The Kretschmers are taking these precautions because some family members have underlying conditions that put them at higher risk of becoming seriously ill with COVID-19. Henry’s father has an auto-immune disease and his 78-year-old grandfather is in hospice care.

Families all across the country are facing a similar dilemma: They want their students home for Thanksgiving, but no one wants the virus to come home with them.

“I want to

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During Covid-19, Home Depot Made Our Better Angels Shine

2020 has proven to be the most challenging, tumultuous year in modern American history. It has also been a year of learning. We have collectively learned that the vast majority of Americans – most of us — have been vulnerable and are hurting. We in business learned that business and society can no longer exist in segregated, separate spheres. While business has been in part, culpable for our society problems, business can and must lead the path forward to sustainable solutions. I, for one, am optimistic that business will chose the inclusive version of stakeholder capitalism because a good many businesses are already beginning to practice it and are fulfilling the needs of multiple stakeholders.

One such company is Home Depot
HD
where the loyal employees boast of having “orange running through their veins.” 

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6 Tips for In-Person Networking During the Covid-19 Era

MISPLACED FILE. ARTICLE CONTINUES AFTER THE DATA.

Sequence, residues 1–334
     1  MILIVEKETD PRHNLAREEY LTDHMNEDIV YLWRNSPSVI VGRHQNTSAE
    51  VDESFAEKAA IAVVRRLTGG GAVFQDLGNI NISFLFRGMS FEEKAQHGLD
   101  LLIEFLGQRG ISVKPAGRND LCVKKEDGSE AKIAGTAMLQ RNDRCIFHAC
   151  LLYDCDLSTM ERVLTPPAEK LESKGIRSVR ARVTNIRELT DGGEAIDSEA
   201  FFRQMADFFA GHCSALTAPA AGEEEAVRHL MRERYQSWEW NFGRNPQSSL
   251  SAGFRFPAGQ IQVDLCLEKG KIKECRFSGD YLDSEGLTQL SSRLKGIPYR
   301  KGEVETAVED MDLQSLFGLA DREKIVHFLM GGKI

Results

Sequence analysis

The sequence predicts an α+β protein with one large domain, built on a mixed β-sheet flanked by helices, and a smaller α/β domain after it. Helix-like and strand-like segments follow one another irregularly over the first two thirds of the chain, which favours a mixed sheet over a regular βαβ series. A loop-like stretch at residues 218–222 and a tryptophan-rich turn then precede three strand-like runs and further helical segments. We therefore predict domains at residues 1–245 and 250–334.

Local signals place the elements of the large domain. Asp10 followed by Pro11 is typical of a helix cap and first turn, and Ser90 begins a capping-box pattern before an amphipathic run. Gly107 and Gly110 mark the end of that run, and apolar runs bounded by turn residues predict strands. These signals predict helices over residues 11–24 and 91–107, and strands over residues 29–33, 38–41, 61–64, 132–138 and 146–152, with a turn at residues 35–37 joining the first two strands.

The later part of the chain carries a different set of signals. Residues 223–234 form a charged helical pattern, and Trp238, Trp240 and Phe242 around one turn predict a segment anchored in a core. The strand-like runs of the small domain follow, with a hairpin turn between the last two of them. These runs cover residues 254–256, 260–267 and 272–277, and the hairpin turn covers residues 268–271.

8 min read

Opinions expressed by Entrepreneur contributors are their own.


This article was written by Elizabeth Harris, a member of the Entrepreneur NEXT powered by Assemble content team. Entrepreneur NEXT powered by Assemble is freelance matching platform leading the future of work. If you’re struggling to find, vet, and hire the right freelancers for your business, Entrepreneur NEXT will help you hire the freelancers you need, exactly when you need them. From business to marketing, sales, design, finance, and technology, we have the top 3 percent of freelance experts ready to work for you. 

Between video calls, masks, and conversations six-feet apart, the way we interact with each other has changed this year. In a matter of months, millions of people have moved to doing business online, and with the cancellation of face-to-face meetings, events and conferences, the way we network has changed too. 

Restrictions and

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Canada bets on imports as home-grown COVID-19 vaccine heads to large-scale trials

TORONTO (Reuters) – Canada’s reliance on supply contracts to secure COVID-19 vaccines from drugmakers like Pfizer Inc has put daily life for Canadians, and prospects for the economy over the next year, in the hands of a few foreign companies facing overwhelming global demand.

Medicago employees harvest Nicotiana benthamiana plants to extract virus-like particles (VLP) in Medicago’s Durham Facility in Durham, North Carolina, U.S. in an undated photograph. Medicago/Handout via REUTERS.

As other governments pour hundreds of millions or billions into vaccine development, Canada has earmarked C$1 billion ($761 million) to buy doses abroad. Meanwhile, Quebec-based Medicago has worked with a shoestring budget on its home-grown, plant-based vaccine.

Medicago, owned by Japan’s Mitsubishi Tanabe Pharma and tobacco company Philip Morris, reported promising early trial data this week and said on Thursday it plans to begin large-scale studies. The vaccine uses an efficacy booster from GlaxoSmithKline called an adjuvant.

If pivotal